THE ROWAN REPORT: Pandemic showed us need for Internet
By Del. Ruth Rowan
The 2021 Session of the 85th Legislature has been like no other that I have ever experienced here in Charleston. Masks are required in The Capitol and only two rooms are large enough to hold committee meetings—the House Chamber and the Government Organization Room. Between each meeting members have to be evacuated from the rooms so that they can be thoroughly sanitized. Galleries are reserved for delegates not wanting to wear masks or not wanting to remain on the floor during sessions. The West Gallery is reserved for a few members of the media. The halls are mostly empty with only a scant few scheduled visitors.
Starting out the session this year was Mineral County Day. Michael Price, the recently retired CEO of Burlington United Methodist Family Services, was the honoree this year. His hard work at BUMFS and in the community made him a very worthy choice for this year’s Mineral County Day. Many obstacles had to be overcome this year and all meetings had to be virtual or videoed—including our citation presentation for Mike. Randy Crane, Patsy Koontz, and all the members of the Mineral County Day event are to be congratulated for their efforts in making this happen during the pandemic.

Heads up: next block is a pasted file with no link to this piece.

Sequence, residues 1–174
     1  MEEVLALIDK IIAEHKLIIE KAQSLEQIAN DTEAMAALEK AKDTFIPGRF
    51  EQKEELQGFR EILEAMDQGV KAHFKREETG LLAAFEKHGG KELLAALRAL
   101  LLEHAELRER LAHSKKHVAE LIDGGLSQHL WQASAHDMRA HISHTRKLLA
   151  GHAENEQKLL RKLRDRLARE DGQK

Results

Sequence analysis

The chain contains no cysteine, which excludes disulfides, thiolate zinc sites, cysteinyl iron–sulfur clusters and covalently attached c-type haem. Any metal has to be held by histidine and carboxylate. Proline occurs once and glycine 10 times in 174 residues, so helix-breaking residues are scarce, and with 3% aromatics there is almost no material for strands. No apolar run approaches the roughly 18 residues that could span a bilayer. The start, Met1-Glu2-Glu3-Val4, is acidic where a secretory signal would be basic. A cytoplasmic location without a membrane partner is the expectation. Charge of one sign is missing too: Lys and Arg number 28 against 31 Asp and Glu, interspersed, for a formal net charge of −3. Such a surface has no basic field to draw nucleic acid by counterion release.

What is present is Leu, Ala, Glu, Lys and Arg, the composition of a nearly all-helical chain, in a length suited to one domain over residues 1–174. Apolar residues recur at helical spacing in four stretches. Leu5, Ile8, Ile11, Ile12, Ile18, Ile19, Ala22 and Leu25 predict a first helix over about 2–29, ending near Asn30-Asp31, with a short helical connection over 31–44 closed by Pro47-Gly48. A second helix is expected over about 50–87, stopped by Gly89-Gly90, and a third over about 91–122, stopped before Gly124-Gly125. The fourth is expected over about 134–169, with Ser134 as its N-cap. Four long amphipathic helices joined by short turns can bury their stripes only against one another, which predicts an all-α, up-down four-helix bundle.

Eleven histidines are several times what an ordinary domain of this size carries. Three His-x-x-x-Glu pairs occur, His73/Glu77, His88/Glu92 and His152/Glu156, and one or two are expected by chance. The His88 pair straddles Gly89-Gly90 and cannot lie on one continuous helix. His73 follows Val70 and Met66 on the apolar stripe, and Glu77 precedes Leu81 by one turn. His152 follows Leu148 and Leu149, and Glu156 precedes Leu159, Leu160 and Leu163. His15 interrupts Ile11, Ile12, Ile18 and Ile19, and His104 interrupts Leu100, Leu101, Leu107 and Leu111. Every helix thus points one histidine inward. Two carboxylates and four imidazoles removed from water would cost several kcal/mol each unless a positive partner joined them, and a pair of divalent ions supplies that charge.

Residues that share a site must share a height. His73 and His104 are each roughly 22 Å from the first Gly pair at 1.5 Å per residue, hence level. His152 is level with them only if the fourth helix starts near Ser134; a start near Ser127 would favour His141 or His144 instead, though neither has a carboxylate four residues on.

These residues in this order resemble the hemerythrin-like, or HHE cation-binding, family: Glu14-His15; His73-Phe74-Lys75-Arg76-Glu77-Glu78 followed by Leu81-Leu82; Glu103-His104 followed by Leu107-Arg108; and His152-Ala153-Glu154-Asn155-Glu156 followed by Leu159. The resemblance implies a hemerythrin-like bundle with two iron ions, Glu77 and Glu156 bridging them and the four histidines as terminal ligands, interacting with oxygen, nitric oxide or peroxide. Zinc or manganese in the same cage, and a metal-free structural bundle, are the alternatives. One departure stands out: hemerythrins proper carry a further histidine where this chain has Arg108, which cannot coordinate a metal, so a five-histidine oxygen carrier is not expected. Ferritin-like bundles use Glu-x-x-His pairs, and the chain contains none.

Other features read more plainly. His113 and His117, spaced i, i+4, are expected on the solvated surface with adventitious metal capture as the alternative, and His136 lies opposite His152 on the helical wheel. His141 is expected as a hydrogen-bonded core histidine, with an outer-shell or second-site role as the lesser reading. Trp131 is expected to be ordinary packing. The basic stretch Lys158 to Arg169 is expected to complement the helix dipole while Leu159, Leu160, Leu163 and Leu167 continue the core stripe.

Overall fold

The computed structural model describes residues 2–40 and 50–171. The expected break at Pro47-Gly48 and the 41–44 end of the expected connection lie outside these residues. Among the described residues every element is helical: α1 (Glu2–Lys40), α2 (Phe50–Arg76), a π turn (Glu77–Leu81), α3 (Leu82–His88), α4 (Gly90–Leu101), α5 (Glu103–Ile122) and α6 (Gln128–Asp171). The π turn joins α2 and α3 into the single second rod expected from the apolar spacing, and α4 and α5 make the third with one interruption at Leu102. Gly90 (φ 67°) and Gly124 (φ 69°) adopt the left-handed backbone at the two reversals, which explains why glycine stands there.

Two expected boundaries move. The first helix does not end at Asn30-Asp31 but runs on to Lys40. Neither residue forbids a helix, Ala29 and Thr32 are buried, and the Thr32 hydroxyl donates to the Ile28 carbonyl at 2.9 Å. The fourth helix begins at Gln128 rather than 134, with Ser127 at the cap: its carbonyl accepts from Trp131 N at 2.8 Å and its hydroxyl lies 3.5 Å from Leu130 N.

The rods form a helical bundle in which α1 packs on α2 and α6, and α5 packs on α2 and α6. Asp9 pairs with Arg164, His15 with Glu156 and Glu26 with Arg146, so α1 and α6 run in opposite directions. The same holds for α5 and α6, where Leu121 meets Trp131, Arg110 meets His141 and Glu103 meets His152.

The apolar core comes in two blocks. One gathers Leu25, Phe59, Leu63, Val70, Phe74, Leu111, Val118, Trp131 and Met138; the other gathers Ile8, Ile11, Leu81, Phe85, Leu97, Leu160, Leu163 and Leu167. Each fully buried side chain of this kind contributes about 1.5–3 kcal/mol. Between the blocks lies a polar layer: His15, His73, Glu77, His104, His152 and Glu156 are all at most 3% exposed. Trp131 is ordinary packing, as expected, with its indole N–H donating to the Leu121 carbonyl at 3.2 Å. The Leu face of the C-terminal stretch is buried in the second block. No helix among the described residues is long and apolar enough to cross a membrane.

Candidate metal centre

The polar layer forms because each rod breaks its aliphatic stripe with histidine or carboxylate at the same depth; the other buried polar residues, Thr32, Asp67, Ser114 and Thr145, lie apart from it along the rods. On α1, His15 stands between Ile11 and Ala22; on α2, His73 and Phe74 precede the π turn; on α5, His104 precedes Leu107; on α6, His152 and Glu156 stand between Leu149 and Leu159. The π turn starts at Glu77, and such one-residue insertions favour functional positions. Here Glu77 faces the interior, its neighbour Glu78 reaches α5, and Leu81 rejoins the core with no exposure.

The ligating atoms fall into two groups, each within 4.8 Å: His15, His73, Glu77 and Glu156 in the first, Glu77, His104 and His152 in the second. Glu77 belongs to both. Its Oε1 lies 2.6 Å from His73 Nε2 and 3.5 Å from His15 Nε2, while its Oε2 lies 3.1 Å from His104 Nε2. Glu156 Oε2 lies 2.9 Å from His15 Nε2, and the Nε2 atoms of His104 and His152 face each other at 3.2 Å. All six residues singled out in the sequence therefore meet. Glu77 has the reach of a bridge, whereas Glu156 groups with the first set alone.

Among the bills that I have sponsored this year is HB2002. This bill expands accessibility to broadband internet in West Virginia. It will expand on existing broadband laws that we have passed over the last few years. It will make it less expensive and easier for providers of internet services to install broadband fiber. It will also make it easier for local governments to enter into co-ops to expand broadband.
The pandemic that we have been enduring over this past year has shown our entire state how vitally important dependable internet is in our area. I know how much it has impacted your family as it has impacted mine. Through Zoom and Microsoft Teams meetings I was able to continue working on committees in Charleston and across the country. I can’t say that all of these meetings went without internet problems on my end or their end.
My daughter, a sixth grade science teacher, has had many interesting lessons from her computer. However, in the middle of some of her lessons a student or two might disappear. One day as she was teaching a lesson she disappeared. As she struggled to get back on, she could hear her students saying, “Where did the teacher go?”
My grandson was able to have classes with his classmates at the West Virginia School for the Deaf and was able to design this year’s Christmas card for the school.
Some of the stories I am hearing from our community have been sad as parents and grandparents are struggling to get their children and grandchildren to sites where they can get reception. We need to guarantee that this generation and the next can have quality access to internet services.
I will be in Charleston until April 16th. During that time the best way to contact me is: Phone: 304-340-3157, Email: firstname.lastname@example.org.